Unlike in America, most of the violent attacks in Europe have been committed by Islamist extremists and their sympathizers. It’s horrifying to read about the murder of an 85-year-old Holocaust survivor, Mireille Knoll, by her Muslim neighbor and friend. In parts of Europe, Jews have been told by the authorities that it’s unsafe to wear yarmulkes in public. In April 2018, an Israeli and his friend were attacked by a 19-year-old Syrian refugee in Berlin. As it turns out, the victims were an Israeli Arab and his German-Moroccan friend. They were testing the degree to which it was unsafe to wear a kippah.
Anti-Semitism has grown considerably over the past 20 years in Europe. Political leaders were slow to respond. Although in recent years political leaders have sounded the alarm about anti-Semitism, it may be too late. Today, “70% [of Europe’s Jews] believe that their national governments’ efforts to combat anti-Semitism are ineffective.” Is European anti-Semitism a harbinger for what’s to come in America? We must prevent that.
What is the impact of anti-Semitism on current American Jewish life?
On college campuses, attacks on pro-Israel sentiment are rising. AMCHA recently reported that while incidents of classical anti-Semitism, depictions of Jews with hooked noses, stereotypes of Jewish money and power, Nazi symbols and comparisons, etc., declined 42%, Israel-related anti-Semitic harassment increased 70% from 2017 to 2018. Shirat Hayam’s Campus Anti-Semitism Task Force held trainings for teens to prepare them for campus anti-Semitism and has been a signatory to multiple letters to university presidents and chancellors, calling on them to fix this Israel-related anti-Semitism.
There is also the real violence of anti-Semitism. While the numbers of attacks may be statically small, there are real victims and all of us are impacted psychologically and spiritually. It puts us on edge, creates stress and worry; it makes us angry. It may change our Jewish experiences from joy to oy.
Lastly, I worry that anti-Semitism will cause us Jews to hide our identity, to diminish our Jewishness. I worry that we will consciously or unconsciously conceal the Jewish or pro-Israel parts of ourselves, that we will relegate being Jewish to the safety of our homes. Lipstadt notes that students and college faculty, particularly non-tenured faculty, downplay their Jewishness. In progressive circles, it’s OK to be LGBT or Q, but not J. Moreover, we might become too afraid to simply show up. In Europe, “34% [of Jews] avoid visiting Jewish events or sites because they do not feel safe.”
So, what can we do about it?
- First and foremost, words lead to action. We must call out anti-Semitism when we see it. And, perhaps more importantly, we must recognize our tendency to see anti-Semitism only in our political enemies. We must have the courage to identify anti-Semitism in the political party that we support. Moreover, we should focus on the content and effect of the words themselves, which have greater potency in this era of social media, not the unprovable intent of the speaker.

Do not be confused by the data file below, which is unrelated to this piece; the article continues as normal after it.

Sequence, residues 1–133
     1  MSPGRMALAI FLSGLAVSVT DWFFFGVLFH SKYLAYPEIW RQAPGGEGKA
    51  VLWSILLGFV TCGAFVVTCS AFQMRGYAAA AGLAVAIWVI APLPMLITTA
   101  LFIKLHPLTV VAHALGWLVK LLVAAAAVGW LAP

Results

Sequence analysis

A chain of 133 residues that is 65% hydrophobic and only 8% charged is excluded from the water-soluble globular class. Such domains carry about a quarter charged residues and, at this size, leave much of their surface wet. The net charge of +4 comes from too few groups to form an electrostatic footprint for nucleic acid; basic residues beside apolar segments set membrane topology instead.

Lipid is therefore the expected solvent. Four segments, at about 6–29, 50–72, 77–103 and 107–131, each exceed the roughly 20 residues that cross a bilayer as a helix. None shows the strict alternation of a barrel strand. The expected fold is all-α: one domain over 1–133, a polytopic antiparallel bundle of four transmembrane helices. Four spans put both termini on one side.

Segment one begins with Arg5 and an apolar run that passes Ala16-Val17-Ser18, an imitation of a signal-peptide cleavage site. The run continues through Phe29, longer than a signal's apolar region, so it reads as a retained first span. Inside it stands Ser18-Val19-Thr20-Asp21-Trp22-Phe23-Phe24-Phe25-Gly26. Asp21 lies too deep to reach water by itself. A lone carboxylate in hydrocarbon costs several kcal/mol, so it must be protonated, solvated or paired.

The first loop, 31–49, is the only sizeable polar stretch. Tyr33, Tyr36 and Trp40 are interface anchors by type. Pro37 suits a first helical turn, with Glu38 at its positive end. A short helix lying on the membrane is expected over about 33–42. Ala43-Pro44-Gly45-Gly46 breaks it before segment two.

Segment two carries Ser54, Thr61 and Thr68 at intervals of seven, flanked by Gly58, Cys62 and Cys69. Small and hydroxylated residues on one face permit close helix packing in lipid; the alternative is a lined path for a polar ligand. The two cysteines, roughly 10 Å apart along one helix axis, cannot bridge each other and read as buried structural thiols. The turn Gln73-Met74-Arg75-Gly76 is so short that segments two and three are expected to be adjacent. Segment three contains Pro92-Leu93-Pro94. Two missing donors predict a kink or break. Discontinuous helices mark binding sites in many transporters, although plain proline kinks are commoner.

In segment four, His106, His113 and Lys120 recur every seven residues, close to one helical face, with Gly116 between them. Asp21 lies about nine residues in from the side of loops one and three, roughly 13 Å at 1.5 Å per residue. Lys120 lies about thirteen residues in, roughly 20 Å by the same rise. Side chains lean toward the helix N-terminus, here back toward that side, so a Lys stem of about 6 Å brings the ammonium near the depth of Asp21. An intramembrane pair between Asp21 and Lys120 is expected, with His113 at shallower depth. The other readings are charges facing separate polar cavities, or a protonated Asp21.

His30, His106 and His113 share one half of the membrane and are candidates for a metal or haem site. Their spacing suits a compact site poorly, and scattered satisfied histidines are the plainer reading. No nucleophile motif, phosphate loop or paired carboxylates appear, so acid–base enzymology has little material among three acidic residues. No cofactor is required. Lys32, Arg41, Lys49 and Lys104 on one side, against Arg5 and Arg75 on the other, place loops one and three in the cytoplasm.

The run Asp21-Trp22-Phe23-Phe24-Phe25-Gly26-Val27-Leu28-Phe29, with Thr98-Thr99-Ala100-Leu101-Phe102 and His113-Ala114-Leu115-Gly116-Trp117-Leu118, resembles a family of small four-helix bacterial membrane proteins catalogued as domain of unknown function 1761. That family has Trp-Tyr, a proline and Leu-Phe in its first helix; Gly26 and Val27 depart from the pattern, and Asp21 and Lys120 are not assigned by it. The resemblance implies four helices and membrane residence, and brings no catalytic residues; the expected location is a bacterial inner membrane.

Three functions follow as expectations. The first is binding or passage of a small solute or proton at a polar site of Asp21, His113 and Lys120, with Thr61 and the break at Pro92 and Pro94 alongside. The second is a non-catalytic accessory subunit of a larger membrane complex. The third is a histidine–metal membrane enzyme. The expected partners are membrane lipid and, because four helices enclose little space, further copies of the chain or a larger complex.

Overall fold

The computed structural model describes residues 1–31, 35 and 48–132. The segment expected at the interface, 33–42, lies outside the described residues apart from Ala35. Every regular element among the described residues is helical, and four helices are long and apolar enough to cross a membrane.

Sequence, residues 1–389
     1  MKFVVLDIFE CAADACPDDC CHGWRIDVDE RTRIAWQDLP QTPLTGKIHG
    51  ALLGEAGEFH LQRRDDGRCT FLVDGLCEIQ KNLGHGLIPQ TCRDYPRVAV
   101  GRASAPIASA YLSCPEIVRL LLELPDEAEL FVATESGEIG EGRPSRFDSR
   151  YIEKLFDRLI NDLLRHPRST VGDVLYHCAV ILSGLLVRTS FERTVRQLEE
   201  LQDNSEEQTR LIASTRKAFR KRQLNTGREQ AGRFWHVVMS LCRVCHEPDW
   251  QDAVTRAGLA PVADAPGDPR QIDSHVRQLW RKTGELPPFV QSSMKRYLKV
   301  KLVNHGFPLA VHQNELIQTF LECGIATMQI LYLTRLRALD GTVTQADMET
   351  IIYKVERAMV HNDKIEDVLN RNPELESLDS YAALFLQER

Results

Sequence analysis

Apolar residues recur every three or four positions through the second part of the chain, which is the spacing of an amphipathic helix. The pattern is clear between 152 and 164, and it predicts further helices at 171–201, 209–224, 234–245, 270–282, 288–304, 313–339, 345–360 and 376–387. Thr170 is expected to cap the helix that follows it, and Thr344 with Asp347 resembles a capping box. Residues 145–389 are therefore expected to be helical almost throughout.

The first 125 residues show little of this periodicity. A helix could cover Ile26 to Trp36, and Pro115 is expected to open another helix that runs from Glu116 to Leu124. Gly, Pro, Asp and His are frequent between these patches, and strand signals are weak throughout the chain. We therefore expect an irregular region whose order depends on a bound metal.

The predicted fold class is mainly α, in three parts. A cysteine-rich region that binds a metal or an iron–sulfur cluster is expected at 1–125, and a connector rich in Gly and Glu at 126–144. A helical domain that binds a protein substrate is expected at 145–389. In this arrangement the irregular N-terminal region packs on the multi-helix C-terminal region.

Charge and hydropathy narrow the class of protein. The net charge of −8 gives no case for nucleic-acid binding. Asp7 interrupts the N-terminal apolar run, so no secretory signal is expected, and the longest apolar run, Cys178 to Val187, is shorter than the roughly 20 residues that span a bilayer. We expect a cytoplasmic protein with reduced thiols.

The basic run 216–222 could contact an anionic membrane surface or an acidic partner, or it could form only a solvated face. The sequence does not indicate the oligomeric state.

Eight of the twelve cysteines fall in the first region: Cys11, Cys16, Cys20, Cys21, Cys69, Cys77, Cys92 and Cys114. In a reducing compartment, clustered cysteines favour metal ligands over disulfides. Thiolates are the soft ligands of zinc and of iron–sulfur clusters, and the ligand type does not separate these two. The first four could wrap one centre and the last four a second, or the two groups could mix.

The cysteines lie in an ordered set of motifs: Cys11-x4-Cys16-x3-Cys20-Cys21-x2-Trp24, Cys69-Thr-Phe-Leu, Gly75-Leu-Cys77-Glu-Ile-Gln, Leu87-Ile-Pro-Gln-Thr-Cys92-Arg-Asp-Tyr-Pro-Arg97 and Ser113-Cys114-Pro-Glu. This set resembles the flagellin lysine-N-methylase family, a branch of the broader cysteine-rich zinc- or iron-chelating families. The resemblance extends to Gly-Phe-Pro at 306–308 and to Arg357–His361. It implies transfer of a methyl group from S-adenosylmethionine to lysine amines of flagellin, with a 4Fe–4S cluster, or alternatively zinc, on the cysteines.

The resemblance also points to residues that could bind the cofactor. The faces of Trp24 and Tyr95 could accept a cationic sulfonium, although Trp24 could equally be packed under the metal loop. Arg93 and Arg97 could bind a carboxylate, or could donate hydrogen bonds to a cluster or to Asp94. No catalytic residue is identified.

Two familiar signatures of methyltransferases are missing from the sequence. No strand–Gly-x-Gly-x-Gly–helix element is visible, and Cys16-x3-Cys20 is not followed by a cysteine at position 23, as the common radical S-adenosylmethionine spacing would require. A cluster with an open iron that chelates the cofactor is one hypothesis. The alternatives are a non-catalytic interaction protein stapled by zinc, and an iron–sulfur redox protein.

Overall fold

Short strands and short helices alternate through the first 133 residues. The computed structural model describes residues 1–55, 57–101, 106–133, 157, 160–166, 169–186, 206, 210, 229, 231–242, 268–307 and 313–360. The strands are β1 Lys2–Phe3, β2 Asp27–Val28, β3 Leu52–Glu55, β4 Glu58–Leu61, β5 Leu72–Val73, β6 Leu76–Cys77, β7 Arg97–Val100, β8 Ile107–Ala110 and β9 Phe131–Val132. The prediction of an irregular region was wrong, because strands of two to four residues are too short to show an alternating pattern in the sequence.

- To call out anti-Semitism, we must be able to identify it. This can be challenging. While politicians’ words and a cartoon in The New York Times international edition have made me uncomfortable, I wasn’t able to put my finger on the specific elements that made them anti-Semitic. To better understand contemporary anti-Semitism and identify it, I suggest that we, as a community, read and discuss Deborah Lipstadt’s book, “Anti-Semitism Here and Now.” Let’s do it with Epstein Hillel, the JCC, Temple Emanu-El, Lappin and the other local synagogues. Let me know after the holiday if you would join the committee to make this happen.
- Volunteer for Shirat Hayam’s security team. In addition to hired police, we must protect ourselves. We need 30 new volunteers to complete a three-part training in late fall/early winter. Details to follow.
- Lastly, allies are critical in the fight against anti-Semitism. To build allies, we need to show up for others and that begins with building relationships with other groups, as individuals and as representatives of our community.
Anti-Semitism is not exciting to talk about. But, for all of us in this room today, it is a real and growing issue. It is present on the political left and right, among Islamic extremists and on college campuses. We cannot allow anti-Semitism on the scale of Europe to reach the shores of America.
We can combat anti-Semitism by learning to identify it and calling it out. And we must be diligent to condemn our political allies who peddle this oldest hatred. At the same time, we must not allow it to diminish our Jewishness. And remember, please thank Detective Delano, Chief Madigan and the entire Swampscott Police Department for their continued support.
In closing, the prophet Micah (4:4) says, “… and none shall make them afraid.” Indeed, we shall not be afraid. Rather, we shall stand tall and proud. And, we shall stand on the shoulders of generations who showed extraordinary resilience. From the expulsions in medieval Europe to the pogroms, from the Farhud in Iraq to the Holocaust, from synagogue bombings of the late 1950s to the anti-Semitism of today, if trauma can be passed from generation to generation, then so, too, can resilience. This is our moment to tighten our yarmulkes, to instill pride in our children, and to overcome the evil of anti-Semitism.
L’shana tova tikateivu v’teihateimu—may you be written and sealed into the Book of Life for a good year.